On Story—Screenwriters and Filmmakers on Their Iconic Films Book Available for Pre-order!
Ahead of the 23rd Annual Austin Film Festival, taking place October 13th-20th, The On Story Project and University of Texas Press present the second book in the On Story series: On Story—Screenwriters and Filmmakers on Their Iconic Films.
For a glimpse inside this compelling compilation of discussions and stories, read the book’s full introduction below, written by co-editor and former AFF Conference Director Maya Perez below. On Story will be published by University of Texas Press on October 4th and is available for pre-order. The first book in this series, On Story—Screenwriters and Their Craft can be ordered here for immediate delivery!
On Story—Screenwriters and Filmmakers on Their Iconic Films Introduction:
In 2012, Austin Film Festival cofounder and executive director Barbara Morgan and I put together the transcripts that would make up On Story—Screenwriters and Their Craft. Our goal then was to make available to a wider audience the captivating and informative panel discussions that take place at the annual Austin Film Festival and Screenwriters Conference. We recently had launched the television show Austin Film Festival’s On Story and gifted our archives, consisting of recordings of more than twenty years of Austin Film Festival panel conversations and post-film-screening Q&As, to the Wittliff Collections at Texas State University. For the past two decades and counting, Austin Film Festival’s mission has remained strong and consistent—furthering the art, craft, and business of filmmakers and screenwriters and recognizing their contributions to film, television, and new media. What we now call the On Story Project is a natural progression of this mission.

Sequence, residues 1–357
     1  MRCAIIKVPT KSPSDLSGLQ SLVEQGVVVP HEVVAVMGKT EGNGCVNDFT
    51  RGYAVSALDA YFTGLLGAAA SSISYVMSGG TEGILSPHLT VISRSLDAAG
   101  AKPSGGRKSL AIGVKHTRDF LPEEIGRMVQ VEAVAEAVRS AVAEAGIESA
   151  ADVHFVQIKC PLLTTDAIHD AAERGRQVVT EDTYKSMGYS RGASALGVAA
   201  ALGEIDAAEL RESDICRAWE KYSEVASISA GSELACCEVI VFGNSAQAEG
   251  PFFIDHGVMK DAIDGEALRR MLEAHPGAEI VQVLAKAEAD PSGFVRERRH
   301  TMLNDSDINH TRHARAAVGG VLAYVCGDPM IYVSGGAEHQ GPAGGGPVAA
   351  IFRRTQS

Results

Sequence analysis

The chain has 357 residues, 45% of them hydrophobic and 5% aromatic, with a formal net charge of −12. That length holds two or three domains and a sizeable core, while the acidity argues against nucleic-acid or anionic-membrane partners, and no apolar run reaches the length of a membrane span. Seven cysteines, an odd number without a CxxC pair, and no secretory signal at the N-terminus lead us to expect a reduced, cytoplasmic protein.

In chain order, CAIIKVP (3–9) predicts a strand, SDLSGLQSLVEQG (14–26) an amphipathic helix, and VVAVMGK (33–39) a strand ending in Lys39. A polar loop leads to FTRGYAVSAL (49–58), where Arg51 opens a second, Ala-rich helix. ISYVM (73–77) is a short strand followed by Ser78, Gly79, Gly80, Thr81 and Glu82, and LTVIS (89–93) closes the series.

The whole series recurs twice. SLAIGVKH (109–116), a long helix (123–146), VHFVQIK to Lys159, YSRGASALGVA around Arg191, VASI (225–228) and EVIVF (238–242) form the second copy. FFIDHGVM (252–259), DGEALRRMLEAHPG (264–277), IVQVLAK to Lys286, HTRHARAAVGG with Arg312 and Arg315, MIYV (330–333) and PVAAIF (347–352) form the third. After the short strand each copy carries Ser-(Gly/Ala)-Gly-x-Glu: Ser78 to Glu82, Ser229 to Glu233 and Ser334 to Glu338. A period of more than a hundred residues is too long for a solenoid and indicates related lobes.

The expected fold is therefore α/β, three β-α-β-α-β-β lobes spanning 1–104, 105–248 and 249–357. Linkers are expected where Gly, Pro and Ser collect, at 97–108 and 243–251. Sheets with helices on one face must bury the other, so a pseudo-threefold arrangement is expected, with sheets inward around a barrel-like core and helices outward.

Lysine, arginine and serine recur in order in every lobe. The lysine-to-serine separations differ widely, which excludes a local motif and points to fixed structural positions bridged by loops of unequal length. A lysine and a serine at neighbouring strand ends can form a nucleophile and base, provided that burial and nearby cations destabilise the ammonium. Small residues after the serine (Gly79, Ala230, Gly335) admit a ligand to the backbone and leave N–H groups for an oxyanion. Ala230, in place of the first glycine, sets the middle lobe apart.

As this introduction is being written, we are putting together the sixth season of the TV show, now broadcast by PBS-affiliated stations in over 80 percent of the national market. Austin Film Festival’s On Story Project produces a free podcast and radio show, the latter a PRI program, which invite listeners into writers’ rooms, film sets, and the creative minds of some of the most prolific voices in film and television. And, just weeks ago, we delivered our collected and digitally transferred archives to the Wittliff Collections.
So, how does this second book differ from the first? Where On Story—Screenwriters and Their Craft dispensed writing advice from such luminary screenwriters as Steven Zaillian, Lawrence Kasdan, Caroline Thompson, and John Lee Hancock, On Story—Screenwriters and Filmmakers on Their Iconic Films takes readers behind the scenes, revealing the inspiration and creative process behind some of the most iconic movies of our time.
Ron Howard talks about the first time he read the screenplay for Apollo 13 and how, despite being jostled on a crowded commuter train, he was brought to tears. Years before sitting down to write In the Name of the Father, Terry George coincidentally escorted a “loudmouth drunk,” Gerry Conlon of the Guildford Four, out of an English pub. Brian Helgeland remembers that making a spur-of-the-moment trip to his dad’s old apartment in Brooklyn and seeing a sign for the Jackie Robinson Parkway later that day were all the signs he needed to agree to take on 42. Robin Swicord recounts a master class with Frank Pierson that would inform and inspire her through her own successful screenwriting career. David Milch and Shane Black reveal how their parents have been the inspiration for some of their most memorable characters. Callie Khouri’s story of growing up and feeling like the world in which she belonged was so much bigger than the one in which she lived was later reflected in her iconic characters Thelma and Louise. Ted Tally shares that his father was dying during the time Tally was writing The Silence of the Lambs and that the scenes between Clarice Starling and her father were the most emotional for him to write.
With several hundred rich, in-depth conversations to cull from, the greatest challenge in putting together this book was the page limitation, which forced us to reduce the number of transcripts we could include. We hope you enjoy the ones we selected and that you watch—or rewatch—the movies discussed with new insight. Whether we’re aware of it or not, our personal experiences and emotional responses make their way into the work we create, and we revisit certain themes again and again. Now turn the page, and let these fine filmmakers tell you the stories behind the stories they brought to the screen.